Riggleman, who was brought onto the committee with the support of Republican Vice Chair Liz Cheney, also explained how his thinking had evolved over time around Jan. 6.
“I left there [it was a] the riots [it was] Coup-like movements,” he said of his initial assessments. “At this point, I think it’s pretty clear that this was a coup attempt.”
This opinion is common among all the members of the committee. As the trial unfolded this summer, investigators regularly used that description.
But committee member Rep. According to Adam Schiff, the “big a-ha” moment Riggleman described wasn’t exactly that.
Schiff told CNN’s Jake Tapper during Sunday’s hearing that the committee has been careful not to overstate or understate matters.
Riggleman’s latest comments “pose a real risk,” Schiff said.
Rep. Lofgren also elaborated, telling CNN that every lead generated by Riggleman was investigated.
“Everything he was able to relay before he left has been followed up and in some cases Peter didn’t actually get out (sic), or there might have been a decision that suggested that a number and There was a correlation between an e. -Mail and a person who didn’t pan out. So we follow everything, and, you know, I don’t know what Mr. Riggleman is really doing,” she said.
From the White House to the Jan. 6 phone call to the rioters, details in the public domain so far have been limited. After Riggleman’s interview on 60 Minutes, however, CNN confirmed the identity of the owner of the cell phone.
The phone allegedly belongs to Anton Lunik, a resident of Brooklyn, New York and a Trump supporter.
The call from the White House landline to Lunick’s phone lasted just nine seconds, beginning at 4:34 p.m. on January 6.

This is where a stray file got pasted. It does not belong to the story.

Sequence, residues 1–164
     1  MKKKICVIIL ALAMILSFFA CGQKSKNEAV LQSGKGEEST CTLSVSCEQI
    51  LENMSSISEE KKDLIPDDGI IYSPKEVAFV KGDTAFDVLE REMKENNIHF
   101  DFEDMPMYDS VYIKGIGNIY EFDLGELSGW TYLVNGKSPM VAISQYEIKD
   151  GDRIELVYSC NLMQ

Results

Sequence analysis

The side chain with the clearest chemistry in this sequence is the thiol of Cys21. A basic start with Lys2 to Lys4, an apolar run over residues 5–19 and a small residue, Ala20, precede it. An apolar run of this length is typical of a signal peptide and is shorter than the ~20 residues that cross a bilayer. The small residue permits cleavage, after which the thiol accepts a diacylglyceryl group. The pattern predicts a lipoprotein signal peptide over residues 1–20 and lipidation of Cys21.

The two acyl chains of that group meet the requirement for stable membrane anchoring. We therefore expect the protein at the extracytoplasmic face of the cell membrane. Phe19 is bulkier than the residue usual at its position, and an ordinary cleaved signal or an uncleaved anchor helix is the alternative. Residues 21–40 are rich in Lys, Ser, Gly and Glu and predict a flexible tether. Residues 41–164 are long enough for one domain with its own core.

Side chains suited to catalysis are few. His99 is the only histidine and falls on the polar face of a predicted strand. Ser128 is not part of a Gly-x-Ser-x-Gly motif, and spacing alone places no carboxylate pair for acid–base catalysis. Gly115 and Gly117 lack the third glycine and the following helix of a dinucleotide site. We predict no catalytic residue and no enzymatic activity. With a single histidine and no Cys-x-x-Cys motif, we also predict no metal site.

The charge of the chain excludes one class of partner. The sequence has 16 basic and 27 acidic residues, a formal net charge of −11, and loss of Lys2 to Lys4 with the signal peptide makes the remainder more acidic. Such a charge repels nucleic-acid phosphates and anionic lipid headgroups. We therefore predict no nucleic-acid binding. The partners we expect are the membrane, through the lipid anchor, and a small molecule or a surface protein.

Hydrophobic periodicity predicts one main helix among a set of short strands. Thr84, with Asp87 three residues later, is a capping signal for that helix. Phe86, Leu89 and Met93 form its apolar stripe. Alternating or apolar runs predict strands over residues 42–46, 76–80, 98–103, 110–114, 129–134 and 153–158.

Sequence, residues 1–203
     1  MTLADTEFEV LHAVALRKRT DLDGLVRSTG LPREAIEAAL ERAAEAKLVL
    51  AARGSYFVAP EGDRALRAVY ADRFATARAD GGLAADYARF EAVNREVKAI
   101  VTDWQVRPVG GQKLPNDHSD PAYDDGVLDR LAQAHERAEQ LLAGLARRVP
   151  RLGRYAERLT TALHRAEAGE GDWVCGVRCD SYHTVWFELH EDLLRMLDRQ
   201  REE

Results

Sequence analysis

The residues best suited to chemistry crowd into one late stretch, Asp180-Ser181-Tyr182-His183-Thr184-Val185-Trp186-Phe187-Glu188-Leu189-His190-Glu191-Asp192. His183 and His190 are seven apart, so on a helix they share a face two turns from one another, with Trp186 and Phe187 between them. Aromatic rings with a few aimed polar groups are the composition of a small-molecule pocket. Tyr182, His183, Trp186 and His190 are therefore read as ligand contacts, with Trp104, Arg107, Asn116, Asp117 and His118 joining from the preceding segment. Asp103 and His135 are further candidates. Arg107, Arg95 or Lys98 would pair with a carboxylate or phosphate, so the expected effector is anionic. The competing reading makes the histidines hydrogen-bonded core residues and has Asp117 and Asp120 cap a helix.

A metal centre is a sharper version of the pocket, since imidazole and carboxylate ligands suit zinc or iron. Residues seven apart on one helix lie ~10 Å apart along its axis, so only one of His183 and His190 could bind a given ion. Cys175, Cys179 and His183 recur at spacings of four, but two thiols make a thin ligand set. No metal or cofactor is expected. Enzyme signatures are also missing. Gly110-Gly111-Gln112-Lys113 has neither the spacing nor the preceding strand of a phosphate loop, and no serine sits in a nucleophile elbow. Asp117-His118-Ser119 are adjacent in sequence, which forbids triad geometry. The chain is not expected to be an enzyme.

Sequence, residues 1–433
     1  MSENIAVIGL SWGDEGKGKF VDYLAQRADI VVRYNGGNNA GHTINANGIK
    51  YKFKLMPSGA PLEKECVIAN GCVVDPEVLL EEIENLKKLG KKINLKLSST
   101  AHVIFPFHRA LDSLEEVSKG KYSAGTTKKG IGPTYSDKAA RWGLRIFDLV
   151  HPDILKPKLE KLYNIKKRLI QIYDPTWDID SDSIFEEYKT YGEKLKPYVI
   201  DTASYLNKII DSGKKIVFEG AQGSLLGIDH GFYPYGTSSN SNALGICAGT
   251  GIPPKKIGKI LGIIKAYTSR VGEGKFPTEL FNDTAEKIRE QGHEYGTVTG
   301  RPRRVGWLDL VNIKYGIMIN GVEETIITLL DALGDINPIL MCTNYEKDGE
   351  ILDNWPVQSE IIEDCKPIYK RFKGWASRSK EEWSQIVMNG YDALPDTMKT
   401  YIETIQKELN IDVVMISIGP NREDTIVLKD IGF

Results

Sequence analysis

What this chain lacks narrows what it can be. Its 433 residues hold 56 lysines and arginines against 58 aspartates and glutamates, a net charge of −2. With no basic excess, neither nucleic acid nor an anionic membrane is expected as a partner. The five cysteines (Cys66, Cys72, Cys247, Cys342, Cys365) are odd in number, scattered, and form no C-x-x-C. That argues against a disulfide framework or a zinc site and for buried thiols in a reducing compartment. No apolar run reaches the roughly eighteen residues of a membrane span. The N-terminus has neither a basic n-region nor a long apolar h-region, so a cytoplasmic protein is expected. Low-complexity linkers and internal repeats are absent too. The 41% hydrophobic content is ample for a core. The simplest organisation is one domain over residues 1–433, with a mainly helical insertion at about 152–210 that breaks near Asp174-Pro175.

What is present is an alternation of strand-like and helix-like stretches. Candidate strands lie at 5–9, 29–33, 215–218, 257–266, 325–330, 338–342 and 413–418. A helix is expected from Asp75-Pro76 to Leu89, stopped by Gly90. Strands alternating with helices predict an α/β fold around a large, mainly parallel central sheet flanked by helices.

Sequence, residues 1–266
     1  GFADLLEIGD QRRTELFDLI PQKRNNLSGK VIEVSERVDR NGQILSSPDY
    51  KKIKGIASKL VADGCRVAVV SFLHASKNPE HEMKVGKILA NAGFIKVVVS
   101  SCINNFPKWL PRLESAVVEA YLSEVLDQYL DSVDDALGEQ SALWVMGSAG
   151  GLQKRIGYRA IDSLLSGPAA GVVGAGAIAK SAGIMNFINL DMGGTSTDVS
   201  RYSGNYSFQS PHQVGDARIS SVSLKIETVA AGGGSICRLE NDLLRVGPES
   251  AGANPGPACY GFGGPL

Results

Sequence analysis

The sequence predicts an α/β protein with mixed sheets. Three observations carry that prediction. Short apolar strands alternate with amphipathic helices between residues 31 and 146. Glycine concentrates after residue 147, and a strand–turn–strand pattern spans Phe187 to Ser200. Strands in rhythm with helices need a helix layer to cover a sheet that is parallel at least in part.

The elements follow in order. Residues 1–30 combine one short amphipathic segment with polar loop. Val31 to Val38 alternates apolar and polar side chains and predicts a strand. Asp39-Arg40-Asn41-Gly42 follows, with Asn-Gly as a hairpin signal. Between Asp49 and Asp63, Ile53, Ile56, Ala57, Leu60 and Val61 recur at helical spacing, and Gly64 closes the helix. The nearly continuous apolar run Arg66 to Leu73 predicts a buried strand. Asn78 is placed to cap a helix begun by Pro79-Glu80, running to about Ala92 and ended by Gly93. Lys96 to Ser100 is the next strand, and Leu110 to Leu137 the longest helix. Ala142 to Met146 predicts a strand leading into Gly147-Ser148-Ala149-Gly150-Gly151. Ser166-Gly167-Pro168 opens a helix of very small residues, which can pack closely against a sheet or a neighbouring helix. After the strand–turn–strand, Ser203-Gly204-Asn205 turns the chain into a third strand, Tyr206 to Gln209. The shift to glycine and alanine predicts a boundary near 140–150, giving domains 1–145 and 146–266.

The timing is interesting: It came less than 30 minutes after Trump released a video telling the rioters to go home as he simultaneously praised them for being “very special.”
Lunick pleaded guilty this April to illegally parading inside the Capitol with two friends: Francis Connor and Antonio Ferrigno. The men originally faced several charges including entering and remaining in a restricted area, trespassing, disorderly conduct, and parading or demonstrating within the Capitol.
He reportedly has no recollection of receiving the call and does not know anyone who works in the Trump White House.
Currently, there is no known contact between Lunick and anyone working in the Trump White House. And as pointed out by CNN, Lunik’s car was spotted in New York City at 8:28 p.m. On January 6. This could mean that by the time Lunick’s phone was called, he was likely already in transit from the Capitol to New York.
Lunick, Connor or Ferrigno do not appear to have any direct ties to extremist groups such as the Proud Boys or Oath Keepers or their members.
But court records show that in Instagram group chats from November 2020 where Lunick, Connor and Ferrigno discussed how the election was “stolen” from Trump, Ferrigno named one of the group chats “The Proud Boys” and then Named “The Proud Boys”. and friends” a month later. In January, the name was changed once more to “The Oath Keepers,” CNN reported.
After the capital attack, the viral messages continued to flow.
For example, Connor sent a message to Lunyk on Instagram on January 8, 2021.
“Our work yesterday was not done. Our ultimate goal was brutal murder [then Vice President Mike] Pence and [Speaker of the House Nancy] Pelosi, and sadly, they are still breathing today, so we must come back stronger and stronger next time,” Connor wrote.
On January 12, 2021, Lunick boasted that he was “going to shoot Pelosi.” Other chats include the New York rapper. Alexandria Ocasio-Cortez was threatened with rape.
An attorney for Lunik did not immediately return a request for comment to The Daily Kos.